Cholesterol drugs can save stroke patients' lives too
Study results are 'pretty dramatic' but unlikely to boost anti-cholesterol drug sales.
By Aaron Smith, staff writer

NEW YORK ( - Drugs that lower cholesterol also have life-saving potential for stroke patients, according to a study released Thursday. Investing analysts doubt that this new benefit will add momentum to drug sales.

Hospital patients recovering from the most common type of stroke, who took cholesterol-reducing drugs called statins, experienced an 80 percent decline in mortality, said researchers at the International Stroke Conference in Kissimmee, Fla.

"These preliminary results suggest that more work is needed to be done to clarify the role of statins in mortality," said Norrina Allen, a Ph.D. candidate at Yale University and a researcher who helped conduct the study for the University HealthSystem Consortium. "There's a potential that all stroke patients who are coming in with acute stroke could be given statins as soon as they reach the hospitals."

Strokes usually occur when clots form in blood vessels leading to the brain, accounting for 83 percent of all strokes, according to the American Stroke Association, which hosted the conference where the study was announced. Allen said the study did not receive funding, but was based on data taken from academic hospitals in the first half of 2004 to try and improve performance.

The study focused on 1,256 patients at 32 academic medical centers treated with lipid-lowering statins during the first 48 hours of their hospitalization.

The study does not name any specific statins or drug makers, but here are the big players with total sales for 2005: Pfizer's (up $0.20 to $25.81, Research) Lipitor, the world's top-selling drug with $12.2 billion, Merck's (up $0.69 to $35.98, Research) Zocor, with $4.4 billion, Bristol-Myers Squibb's (down $0.11 to $22.99, Research) Pravachol, with $2.3 billion, and AstraZeneca's (down $0.01 to $45.53, Research) Crestor, with $1.3 billion. Also, sales for Vytorin, a Zocor-Zetia combination from Merck and Schering-Plough (up $0.59 to $19.33, Research), totaled $2.4 billion in 2005.

Two of these drugs -- Pravachol and Zocor -- are slated to lose patent protection this year, and have declined in sales. Pravachol is expected to lose its patent in April while Zocor is expected to lose its patent in June. Producers of branded statins are expected to lose sales as patients flock to the cheaper generics.

Lipitor sales jumped 12 percent last year. Nonetheless, analysts are worried about the drug's market performance because most of the growth happened in the first half of 2005, then slowed dramatically toward the end of the year. Lipitor sales rose only 1.2 percent in the first four weeks of 2006, lagging the 9 percent gains made by the overall statin market during that time, said Al Rauch, analyst for A.G. Edwards. The specter of a generic Zocor is taking the wind out of Lipitor sales, he said.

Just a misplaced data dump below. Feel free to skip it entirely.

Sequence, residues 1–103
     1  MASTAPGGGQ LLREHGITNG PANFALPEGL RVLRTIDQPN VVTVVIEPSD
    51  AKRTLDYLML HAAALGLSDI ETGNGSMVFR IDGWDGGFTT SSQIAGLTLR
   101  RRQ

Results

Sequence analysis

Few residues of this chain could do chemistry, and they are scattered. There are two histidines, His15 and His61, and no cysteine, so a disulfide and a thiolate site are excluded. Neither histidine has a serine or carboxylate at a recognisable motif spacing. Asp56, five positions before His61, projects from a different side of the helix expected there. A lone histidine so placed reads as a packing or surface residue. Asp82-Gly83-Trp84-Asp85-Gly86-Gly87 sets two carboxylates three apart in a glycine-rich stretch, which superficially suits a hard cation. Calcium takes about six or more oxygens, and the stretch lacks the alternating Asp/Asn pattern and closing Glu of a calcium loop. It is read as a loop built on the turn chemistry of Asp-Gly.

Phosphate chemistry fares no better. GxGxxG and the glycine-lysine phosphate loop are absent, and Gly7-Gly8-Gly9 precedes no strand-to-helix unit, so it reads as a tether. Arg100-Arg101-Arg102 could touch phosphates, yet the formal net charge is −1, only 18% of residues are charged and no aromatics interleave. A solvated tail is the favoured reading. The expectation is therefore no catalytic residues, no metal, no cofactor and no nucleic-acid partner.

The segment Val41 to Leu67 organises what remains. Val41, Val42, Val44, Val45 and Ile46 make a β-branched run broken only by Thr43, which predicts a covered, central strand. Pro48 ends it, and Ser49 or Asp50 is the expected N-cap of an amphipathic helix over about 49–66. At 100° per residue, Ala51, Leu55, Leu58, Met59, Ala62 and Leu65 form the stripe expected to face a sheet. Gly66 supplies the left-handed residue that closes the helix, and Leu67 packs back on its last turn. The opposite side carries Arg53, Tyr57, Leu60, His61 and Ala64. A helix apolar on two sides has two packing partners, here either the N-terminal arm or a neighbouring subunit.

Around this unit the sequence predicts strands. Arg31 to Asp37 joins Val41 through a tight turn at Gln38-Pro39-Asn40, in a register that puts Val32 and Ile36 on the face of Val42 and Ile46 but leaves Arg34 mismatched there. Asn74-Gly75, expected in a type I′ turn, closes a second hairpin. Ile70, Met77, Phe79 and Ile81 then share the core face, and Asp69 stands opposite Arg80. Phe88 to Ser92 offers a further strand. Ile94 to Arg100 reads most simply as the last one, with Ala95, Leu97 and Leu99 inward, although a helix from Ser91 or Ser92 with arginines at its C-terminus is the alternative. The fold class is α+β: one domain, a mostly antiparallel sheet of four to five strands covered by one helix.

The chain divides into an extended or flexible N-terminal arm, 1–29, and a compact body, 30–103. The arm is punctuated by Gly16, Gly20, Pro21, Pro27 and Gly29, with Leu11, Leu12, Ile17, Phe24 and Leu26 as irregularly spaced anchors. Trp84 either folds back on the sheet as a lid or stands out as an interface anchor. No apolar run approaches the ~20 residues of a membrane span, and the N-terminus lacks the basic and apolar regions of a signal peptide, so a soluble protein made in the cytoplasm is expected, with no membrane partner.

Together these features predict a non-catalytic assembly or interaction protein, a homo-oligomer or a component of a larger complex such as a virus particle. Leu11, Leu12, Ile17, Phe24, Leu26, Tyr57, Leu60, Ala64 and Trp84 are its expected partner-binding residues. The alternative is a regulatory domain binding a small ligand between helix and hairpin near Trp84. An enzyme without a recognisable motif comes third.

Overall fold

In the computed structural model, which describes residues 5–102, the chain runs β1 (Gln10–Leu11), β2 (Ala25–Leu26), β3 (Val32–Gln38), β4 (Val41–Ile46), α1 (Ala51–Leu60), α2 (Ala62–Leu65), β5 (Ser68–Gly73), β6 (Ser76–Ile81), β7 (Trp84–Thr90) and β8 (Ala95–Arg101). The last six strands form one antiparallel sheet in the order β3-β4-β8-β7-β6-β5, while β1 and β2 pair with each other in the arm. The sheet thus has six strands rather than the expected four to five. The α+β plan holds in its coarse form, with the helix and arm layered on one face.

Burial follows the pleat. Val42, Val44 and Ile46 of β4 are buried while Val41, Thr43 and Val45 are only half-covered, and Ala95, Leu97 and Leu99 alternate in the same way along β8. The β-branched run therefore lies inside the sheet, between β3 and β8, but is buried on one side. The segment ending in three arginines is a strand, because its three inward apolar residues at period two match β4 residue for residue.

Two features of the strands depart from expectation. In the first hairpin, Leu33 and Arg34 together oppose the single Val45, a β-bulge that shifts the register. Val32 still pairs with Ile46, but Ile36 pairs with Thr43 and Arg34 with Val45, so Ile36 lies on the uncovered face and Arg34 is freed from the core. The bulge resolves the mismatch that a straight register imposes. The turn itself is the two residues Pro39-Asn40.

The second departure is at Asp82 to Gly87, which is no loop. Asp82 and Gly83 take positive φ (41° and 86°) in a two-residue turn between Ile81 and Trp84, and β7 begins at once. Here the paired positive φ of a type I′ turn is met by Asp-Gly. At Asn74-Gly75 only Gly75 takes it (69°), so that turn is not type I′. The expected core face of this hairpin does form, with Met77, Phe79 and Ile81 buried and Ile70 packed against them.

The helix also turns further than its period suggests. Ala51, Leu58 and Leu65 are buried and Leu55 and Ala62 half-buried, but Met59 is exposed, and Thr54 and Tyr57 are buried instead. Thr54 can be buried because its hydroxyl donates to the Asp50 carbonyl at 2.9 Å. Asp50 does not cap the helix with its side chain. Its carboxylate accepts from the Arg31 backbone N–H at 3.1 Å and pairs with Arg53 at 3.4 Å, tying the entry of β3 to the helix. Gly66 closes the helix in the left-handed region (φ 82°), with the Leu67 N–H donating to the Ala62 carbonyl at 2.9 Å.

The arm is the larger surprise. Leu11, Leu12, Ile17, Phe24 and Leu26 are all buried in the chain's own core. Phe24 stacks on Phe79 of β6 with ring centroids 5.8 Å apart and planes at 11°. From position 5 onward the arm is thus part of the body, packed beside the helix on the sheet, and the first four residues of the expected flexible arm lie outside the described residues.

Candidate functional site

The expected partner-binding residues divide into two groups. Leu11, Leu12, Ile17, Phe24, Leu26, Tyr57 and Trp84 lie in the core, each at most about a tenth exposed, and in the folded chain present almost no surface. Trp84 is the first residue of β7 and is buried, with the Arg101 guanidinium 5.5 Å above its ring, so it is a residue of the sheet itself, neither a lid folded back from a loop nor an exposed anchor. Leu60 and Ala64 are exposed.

A.G. Edwards' Rauch and Deutsche Bank North America analyst Barbara Ryan both said the statin study results were "pretty dramatic," but did not believe that this new report would give Pfizer and other statin makers a lift.

Rauch said the study results are "another positive for the utilization of statins," but he believes they are "probably not going to be a major factor" in driving up sales for the $20 billion statin market. He said that many patients considered at-risk for stroke are already taking the statins for cholesterol-cutting benefits.

Some 40 million to 45 million people are taking statins, said Rauch, and there isn't much room for the market to grow.

"I think a lot of people at risk for strokes probably have high cholesterol, and are taking statins or should be taking a statin," he said. "I see [the report] overall as having a limited impact."

David Moskowitz, analyst for Friedman, Billings & Ramsey, said the study provides "an incremental opportunity" for makers of statins, but "it is safe to assume that many of these patients are already taking statins. For doctors who are on the fence about prescribing statins for patients who are at risk of stroke, this is the kind of information that can help encourage them to make the decision to go ahead and prescribe the product."

Ryan, the analyst from Deutsche Bank North America, said the study results are "good, but it's not going to be that surprising and it's ubiquitous to all statins."

Pfizer is conducting its own Lipitor study, called SPARCL, to see whether the drug reduces incidents of additional strokes in patients who have survived their first stroke. Ryan said the results of the SPARCL study, to be announced later this year, will have a much stronger impact on statin sales.

Allen, the researcher, said the study results were unclear as to whether the stroke patients were already taking statins before they suffered their strokes, or whether they were prescribed statins only after they were admitted to the hospital.

To read more about Lipitor concerns, click here.

The analysts interviewed for this story do not own shares in the companies mentioned here, though Deutsche Bank and FBR seek business with them. Top of page

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